Michael Moore’s documentary is an acrimonious indictment alleging that President Bush abused his presidential powers and exploited the trust of the American people. It is a social commentary that closes with a quote by George Orwell suggesting that hierarchical societies necessarily thrive on conflict and inequality. One of the aims of the film is to convey in a dramatic way the great disparity between the ruling elite and the poor who sacrifice. Moore juxtaposes the individual and personal self-interests of President Bush and his administrators against the interests of those who carry out, and who are affected by, the administration’s decisions. The contrasts are intentionally sharp. In one scene Bush is speaking at a dinner attended by some very wealthy supporters. He is shown joking, calling his audience the “have’s” and the “have-more’s,” stating that they are his “base.” In another segment, Moore is sardonically trying to recruit children of Congressmen for the military, suggesting that their children should enlist as a demonstration by the nation’s leaders that they support the war not only theory but in practice. One by one he depicts America’s most “eminent in power” as mongers, corrupt, hypocritical, and ignorant (Winthrop 1).
Flint, Michigan is portrayed as the symbolic “backbone of America” where the poor have few options other than joining the military and, therefore, furthering Bush’s interests while eking out a life for themselves. The mother who has lost her son in the Iraq war asks for what cause her son gave his life. Her statements imply that if she felt there had been a noble cause, a fundamental idea or tangible thing, that stood to be lost she might be able to grieve easier. The fact that there is no benefit, no investment, for the people factors heavily in the outrage over the war and the perceived blatancy of Bush’s actions. Moore’s film is a call to the “many’s” and the “have-not’s to take advantage of their constitutional rights to hold leaders accountable for their actions, chiefly by voting Bush out of office.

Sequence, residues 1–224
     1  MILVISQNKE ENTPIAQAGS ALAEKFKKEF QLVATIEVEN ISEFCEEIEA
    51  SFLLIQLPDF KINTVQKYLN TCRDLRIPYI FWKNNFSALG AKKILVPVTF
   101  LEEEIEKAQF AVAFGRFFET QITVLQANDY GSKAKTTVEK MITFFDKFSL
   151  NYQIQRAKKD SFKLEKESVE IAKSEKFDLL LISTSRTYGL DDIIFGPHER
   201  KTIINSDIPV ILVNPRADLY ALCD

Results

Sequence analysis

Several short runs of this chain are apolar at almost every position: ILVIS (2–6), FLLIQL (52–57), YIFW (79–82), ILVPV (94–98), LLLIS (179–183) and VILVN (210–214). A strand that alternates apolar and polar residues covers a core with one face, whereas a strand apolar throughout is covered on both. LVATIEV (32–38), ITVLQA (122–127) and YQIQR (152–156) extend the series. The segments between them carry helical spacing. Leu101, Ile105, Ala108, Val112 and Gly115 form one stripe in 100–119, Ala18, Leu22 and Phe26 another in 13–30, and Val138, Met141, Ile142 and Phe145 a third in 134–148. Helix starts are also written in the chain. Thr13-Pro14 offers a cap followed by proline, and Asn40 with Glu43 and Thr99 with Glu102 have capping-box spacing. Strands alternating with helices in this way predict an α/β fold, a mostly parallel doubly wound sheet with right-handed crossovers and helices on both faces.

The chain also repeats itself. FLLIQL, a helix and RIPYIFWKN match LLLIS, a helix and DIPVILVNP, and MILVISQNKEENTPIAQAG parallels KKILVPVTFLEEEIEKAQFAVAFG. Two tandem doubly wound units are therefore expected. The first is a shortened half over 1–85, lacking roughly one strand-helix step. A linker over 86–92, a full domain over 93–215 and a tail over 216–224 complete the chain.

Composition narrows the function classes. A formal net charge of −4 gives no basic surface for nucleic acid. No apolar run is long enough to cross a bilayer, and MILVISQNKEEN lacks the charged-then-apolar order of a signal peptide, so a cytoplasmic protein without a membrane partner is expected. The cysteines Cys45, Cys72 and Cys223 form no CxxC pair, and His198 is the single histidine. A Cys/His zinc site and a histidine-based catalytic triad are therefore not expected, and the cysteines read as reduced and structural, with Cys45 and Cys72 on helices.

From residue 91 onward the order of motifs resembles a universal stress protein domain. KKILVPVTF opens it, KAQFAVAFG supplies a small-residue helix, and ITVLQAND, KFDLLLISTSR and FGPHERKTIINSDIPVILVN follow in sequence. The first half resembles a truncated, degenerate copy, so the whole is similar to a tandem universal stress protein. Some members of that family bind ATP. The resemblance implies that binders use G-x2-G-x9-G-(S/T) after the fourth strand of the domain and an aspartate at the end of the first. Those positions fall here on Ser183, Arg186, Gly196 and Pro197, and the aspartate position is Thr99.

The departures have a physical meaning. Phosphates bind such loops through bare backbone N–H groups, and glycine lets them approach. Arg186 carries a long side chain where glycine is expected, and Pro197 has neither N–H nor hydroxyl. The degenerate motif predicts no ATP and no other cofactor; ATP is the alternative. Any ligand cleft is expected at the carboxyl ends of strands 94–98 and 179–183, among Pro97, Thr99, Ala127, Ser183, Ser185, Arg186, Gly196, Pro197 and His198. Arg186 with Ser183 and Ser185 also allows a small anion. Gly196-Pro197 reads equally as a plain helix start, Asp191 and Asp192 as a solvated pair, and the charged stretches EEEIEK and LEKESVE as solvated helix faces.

Another intention of Moore is to reveal Bush’s methods of coercing compliance with his Iraq war plans. Through interviews and the running narrative, the psycho-dynamics of fear are outlined, and a number of methods are introduced. One interviewee maintains that raising and leveling the terror alert levels in the nation has had a numbing effect on the public. Even more insidious, Moore contends, is the intentional confusion created by mixed signals from the Bush administration. In one scene Vice President Cheney is commenting on the real danger of terrorists to the nation, while in the next scene President Bush is telling Americans to get out, fly, and enjoy their country. Then there are the military recruiting campaigns, which create a false sense of propriety over the nation’s fate. After all, they tell you, you can “Be an Army of One.” This idea that the individual is a significant force in the life of the nation is, in Moore’s opinion, a farce under the Bush administration. Throughout the film, Moore drives home his point that the American government is in fact not serving the interests of the people, but that the government is manipulating the people into believing, and therefore supporting, the government’s agenda. It can be argued that the perspective Moore presents the American public is no less complete or biased than the one he claims Bush has presented. Moore’s film is ironic; both he and Bush hope to spur the American people into action by appealing to their individual sense of justice and self-interest.
Just yesterday I saw a quick shot of Sean “Puffy” Combs on CNN. He was wearing a white T-shirt with large print on the front that said, “Vote or Die.” The individual still speaks out, still believes he matters; what other choice does he have? The
in the quest for the American utopia plays a significant role, for without his or her consent, no interests can truly be furthered.